Robert Christgau: Dean of American Rock Critics

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Tanya Tucker

  • Would You Lay With Me (in a Field of Stone) [Columbia, 1974] B-
  • Tanya Tucker's Greatest Hits [Columbia, 1975] B+
  • Livin' and Learnin' [MCA, 1976] B
  • TNT [MCA, 1978] C+
  • Super Hits [Columbia, 1998] ***
  • My Turn [Saguaro Road, 2009] ***

Consumer Guide Reviews:

Would You Lay With Me (in a Field of Stone) [Columbia, 1974]
If you think the inflatable dolls they sell with the Orgy-Gell in the back of cheap skin mags are sexy, then you will doubtless find this fifteen-year-old wonder of nature the hottest thing since that waitress who brought you the screwdrivers the time you blew $220 playing blackjack in downtown Winnemucca. A cute little ass, better-than-average pipes, and Billy Sherrill's usual "who gives a shit if the title cut is commercial" country album. Up a notch for no strings. B-

Tanya Tucker's Greatest Hits [Columbia, 1975]
As if recalling Appalachian roots, the youngest superstar and sex symbol in country music history adds rape, murder, and bastardy to familiar themes like drunkeness, poverty, abandonment, and love-is-the-answer. Kid stuff it ain't. Her burred contralto is an American dream, some weird hybrid of Buffy Sainte-Marie, Marilyn Monroe, and Will Rogers--dirty plainsong. But though I enjoy almost everything she does as soap opera--the bloodier the better--I don't believe a word. B+

Livin' and Learnin' [MCA, 1976]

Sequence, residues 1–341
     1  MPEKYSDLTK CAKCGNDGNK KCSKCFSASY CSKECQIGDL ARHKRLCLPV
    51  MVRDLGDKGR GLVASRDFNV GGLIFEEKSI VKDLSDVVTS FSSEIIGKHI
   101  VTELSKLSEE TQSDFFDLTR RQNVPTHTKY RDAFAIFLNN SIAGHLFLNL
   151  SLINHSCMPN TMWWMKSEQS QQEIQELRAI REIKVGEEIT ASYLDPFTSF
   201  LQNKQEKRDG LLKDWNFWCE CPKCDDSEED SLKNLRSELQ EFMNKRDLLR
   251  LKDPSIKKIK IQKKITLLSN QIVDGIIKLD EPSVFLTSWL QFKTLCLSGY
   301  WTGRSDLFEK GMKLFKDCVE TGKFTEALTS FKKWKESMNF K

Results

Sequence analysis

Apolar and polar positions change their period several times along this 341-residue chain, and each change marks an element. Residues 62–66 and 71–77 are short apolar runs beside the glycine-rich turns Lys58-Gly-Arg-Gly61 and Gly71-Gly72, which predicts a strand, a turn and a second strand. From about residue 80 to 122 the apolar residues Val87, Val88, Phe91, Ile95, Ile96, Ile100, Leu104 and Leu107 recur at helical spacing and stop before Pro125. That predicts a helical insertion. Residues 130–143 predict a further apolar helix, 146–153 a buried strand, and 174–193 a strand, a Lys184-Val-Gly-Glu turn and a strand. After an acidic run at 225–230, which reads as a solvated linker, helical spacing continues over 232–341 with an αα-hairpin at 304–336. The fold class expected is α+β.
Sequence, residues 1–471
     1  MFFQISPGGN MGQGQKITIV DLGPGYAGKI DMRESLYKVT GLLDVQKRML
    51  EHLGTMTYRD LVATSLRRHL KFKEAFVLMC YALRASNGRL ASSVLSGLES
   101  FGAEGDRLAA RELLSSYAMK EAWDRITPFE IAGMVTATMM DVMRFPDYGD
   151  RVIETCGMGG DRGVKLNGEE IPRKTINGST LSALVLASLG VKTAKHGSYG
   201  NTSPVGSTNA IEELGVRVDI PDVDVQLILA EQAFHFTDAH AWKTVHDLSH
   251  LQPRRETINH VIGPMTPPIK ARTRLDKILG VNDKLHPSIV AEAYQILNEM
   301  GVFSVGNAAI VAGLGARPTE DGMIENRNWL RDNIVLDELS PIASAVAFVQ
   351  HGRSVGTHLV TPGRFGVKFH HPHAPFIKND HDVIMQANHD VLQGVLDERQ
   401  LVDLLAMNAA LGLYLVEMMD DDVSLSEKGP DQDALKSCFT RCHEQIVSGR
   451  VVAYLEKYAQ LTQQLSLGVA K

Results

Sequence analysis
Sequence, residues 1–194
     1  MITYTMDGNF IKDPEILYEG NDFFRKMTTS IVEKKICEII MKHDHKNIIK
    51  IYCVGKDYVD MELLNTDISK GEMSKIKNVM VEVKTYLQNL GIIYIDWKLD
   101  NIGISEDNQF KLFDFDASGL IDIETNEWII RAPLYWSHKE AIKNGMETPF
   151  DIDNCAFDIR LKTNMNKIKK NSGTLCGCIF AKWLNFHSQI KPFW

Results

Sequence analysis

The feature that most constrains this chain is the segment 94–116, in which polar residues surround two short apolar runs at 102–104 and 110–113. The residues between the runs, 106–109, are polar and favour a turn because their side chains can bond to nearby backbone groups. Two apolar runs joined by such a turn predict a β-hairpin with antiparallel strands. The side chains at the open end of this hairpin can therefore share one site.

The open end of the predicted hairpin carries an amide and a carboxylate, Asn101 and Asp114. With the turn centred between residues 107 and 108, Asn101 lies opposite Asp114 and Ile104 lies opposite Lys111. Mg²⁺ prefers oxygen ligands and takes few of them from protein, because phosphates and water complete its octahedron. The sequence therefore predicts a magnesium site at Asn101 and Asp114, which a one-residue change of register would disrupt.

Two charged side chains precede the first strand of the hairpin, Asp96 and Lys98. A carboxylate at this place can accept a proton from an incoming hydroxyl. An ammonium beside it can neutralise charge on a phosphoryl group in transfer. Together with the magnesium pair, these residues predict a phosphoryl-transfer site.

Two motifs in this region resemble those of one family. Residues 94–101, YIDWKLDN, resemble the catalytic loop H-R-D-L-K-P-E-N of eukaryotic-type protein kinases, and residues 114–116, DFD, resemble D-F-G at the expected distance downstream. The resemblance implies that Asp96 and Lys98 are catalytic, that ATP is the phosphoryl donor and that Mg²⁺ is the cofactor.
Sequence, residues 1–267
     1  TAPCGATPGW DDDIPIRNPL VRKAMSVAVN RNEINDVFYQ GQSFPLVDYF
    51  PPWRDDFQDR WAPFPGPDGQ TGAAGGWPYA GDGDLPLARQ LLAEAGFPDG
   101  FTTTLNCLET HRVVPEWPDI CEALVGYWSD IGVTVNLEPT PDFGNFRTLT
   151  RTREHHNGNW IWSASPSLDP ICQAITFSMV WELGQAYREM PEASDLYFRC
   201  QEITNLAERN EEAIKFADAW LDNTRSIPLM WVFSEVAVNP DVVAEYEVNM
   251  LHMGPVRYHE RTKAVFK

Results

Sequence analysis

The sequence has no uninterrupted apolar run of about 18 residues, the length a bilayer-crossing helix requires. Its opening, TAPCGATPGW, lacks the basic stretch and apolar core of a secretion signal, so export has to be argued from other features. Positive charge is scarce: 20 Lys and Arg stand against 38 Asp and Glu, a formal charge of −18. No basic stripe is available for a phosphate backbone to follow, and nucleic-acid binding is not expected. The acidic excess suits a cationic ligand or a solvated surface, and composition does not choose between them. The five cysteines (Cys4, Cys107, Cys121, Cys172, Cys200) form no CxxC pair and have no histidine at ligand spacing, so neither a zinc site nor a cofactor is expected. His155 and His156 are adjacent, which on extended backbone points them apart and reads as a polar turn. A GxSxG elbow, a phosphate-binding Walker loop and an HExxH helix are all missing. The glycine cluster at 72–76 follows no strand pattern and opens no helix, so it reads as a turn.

The gain in assurance and excitement should put to rest all narrow-spirited suspicions that only Billy Sherrill's cracker acumen can shape Tanya's voice. But the voice remains a dirty one, which means that those songs that broaden her appeal by forcing her to play the ingenue tend to unfocus the persona behind subtler lyrics like Sterling Whipple's "Makin' Love Don't Always Make Love Grow." Highlights: two rockers, one from Fats Domino, the other from the Eagles. B

TNT [MCA, 1978]
The problem with Tanya's crossover is her functional but rather tiny brain--if only she had some real idea of exactly what she wanted to become, her pipes would put it across. Despite the heavy hoopla, the rock move here comprises three of the '50s classes that have always been her meat, and all that distinguishes this from earlier MCA Tanya is that Jerry Goldstein, her new intellectual adviser, has contributed three unusually bad songs. C+

Super Hits [Columbia, 1998]
Adding "Greener Than the Grass (We Laid On)" to the kiddie-porn Greatest Hits, a boon; replacing the rape-Gothic "No Man's Land" with "You Are So Beautiful," an obscenity ("Would You Lay With Me [in a Field of Stone]," "The Man That Turned My Mama On"). ***

My Turn [Saguaro Road, 2009]
It's never too late not to get above your raising ("Love's Gonna Live Here," "Lovesick Blues"). ***